MADISON, Wis. — Jordan Hill spent most of his offseason time in two worlds: Working on his basketball skills and thinking about working on his basketball skills. Every player wants to find areas to improve, but Hill entered the summer with a feeling of even deeper purpose after a freshman season in which he barely played for Wisconsin.
During the course of those workouts, Hill contemplated ways he could make himself valuable to Badgers coach Bo Ryan. Being more consistent. Trying to take a charge. Taking care of the ball. Finding open teammates. Hitting open jump shots. All the while, he came to this very simple conclusion.
"I don’t want to be on the bench," Hill said during last week’s team media day. "I’m sick of it. It makes me angry. It hurts me inside to be on the bench. I’ve been trying to do everything I can to avoid that."
Hill, a 6-foot-3, 175-pound sophomore guard from Pasadena, Calif., appeared in 11 games and averaged 0.6 points and 0.3 rebounds in 2.3 minutes per game last season. Among the 13 players on the team to appear in a game, Hill tied for the fewest minutes (25) with point guard George Marshall, who transferred after appearing in only two games.
This season, an opening exists for Hill to slide into Wisconsin’s fourth guard spot in the playing rotation. With 2 1/2 weeks left before the Badgers’ season opener, the position remains an open competition between Hill and redshirt sophomore Zak Showalter. The rest of the guard rotation is set with starters Traevon Jackson and Josh Gasser, and Bronson Koenig as the first guard in off the bench.
During Sunday’s annual Red-White scrimmage, Hill scored seven points on 3-of-5 shooting with one rebound, two assists and one turnover in 17 minutes. Showalter tallied six points on 2-of-5 shooting with five rebounds, two assists and no turnovers in 31 minutes. And neither player seemed to provide much separation in the race.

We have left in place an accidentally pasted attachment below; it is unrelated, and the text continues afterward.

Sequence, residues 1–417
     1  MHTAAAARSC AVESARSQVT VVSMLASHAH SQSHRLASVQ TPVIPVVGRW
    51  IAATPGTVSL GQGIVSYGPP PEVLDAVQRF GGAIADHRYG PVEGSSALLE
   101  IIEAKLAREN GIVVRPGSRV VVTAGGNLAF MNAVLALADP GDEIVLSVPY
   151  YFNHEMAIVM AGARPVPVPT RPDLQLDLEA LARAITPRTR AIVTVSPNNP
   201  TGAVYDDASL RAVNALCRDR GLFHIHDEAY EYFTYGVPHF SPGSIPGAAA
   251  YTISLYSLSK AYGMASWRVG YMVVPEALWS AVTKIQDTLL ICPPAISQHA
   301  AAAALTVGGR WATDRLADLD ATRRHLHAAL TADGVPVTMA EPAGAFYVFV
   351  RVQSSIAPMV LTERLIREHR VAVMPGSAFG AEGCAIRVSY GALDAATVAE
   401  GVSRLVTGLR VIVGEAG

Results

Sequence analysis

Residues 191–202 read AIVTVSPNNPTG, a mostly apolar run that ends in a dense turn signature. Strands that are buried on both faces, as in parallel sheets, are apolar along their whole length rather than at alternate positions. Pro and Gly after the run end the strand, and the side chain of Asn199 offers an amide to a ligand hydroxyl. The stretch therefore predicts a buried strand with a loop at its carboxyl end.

"I think if you asked anyone, that’s who they would say is fighting for that fourth spot," Hill said. "But I also want to come at everyone’s neck. I want to come at Bronson’s neck, Josh’s, Trae. Even though their spots are solidified, I’m not worried about that. I want to show that I’m not afraid. I’m confident, and I’m going to play that way every time I have the ball, every time I’m on the court."
In order for Hill to become the player he wanted, he noted several aspects of his game needed fixing. In particular, Hill spent the summer working on his shooting with Ryan’s son, Matt, in California. Matt Ryan, a shooting coach, is now the director of basketball operations at the University of Illinois-Chicago.
Last season, Hill said he floated to the left when he shot, his elbow extended out and his head pointed up. In the few chances Hill earned during games, he connected on only 1 of 7 field-goal attempts (14.3 percent).
"Now, everything is compact," Hill said. "I watched a lot of Steph Curry and a lot of Danny Green. Not just because they could shoot the heck out of the ball, which they can, but because their form is the same every time. Steph especially. Whenever he’s doing 18 moves and all of a sudden when he gets to his shot, everything is straight up and down. His elbow is straight. His fingers are going through the rim."
During the first few weeks of practice in October, Hill has tried to remain cognizant of his mistakes and fix them at the next practice. He returns home and re-watches practice each day on a team-issued iPad for 30 to 45 minutes to better understand every detail.
"I’ve been trying to check my numbers," Hill said. "I watch every practice because we have the ability to do that now. I count my turnovers. I count my shots. I count my misses, everything. And in my book, I’ve been playing pretty well."
Still, it remains to be seen whether Hill or Showalter will emerge as Wisconsin’s fourth guard. Given the experience and talent of Jackson, Gasser and Koenig, as well as strong front court depth, there seems no room for a fifth guard. Wisconsin returns seven of its top eight rotation players off a Final Four team, and Ryan expects to rely heavily on those seven players to play the bulk of the minutes.
Showalter is an off-guard who provides hustle, rebounding and defense. Hill, meanwhile, is more of a point guard whose ballhandling is excellent and who has worked to improve his defense and shooting.
If Hill is able to squeeze into the fourth guard spot, minutes will no doubt be limited. Jackson and Koenig figure to occupy almost every minute for Wisconsin at point guard. But as long as Hill doesn’t spend the entire game on the bench, he’ll consider the season a vast improvement.
"If I’m on the court, that’ll make me happy," Hill said. "I’m a realist, so I’m never going to be happy with, ‘Oh, well we had a great run.’ I loved it, but I want to feel personally a part of it as though I was on the court affecting the game. That’s just my competitive nature. It’s not that I’m not happy about our run or what we’ve done as a team. But I want to feel like I’m actually contributing to that."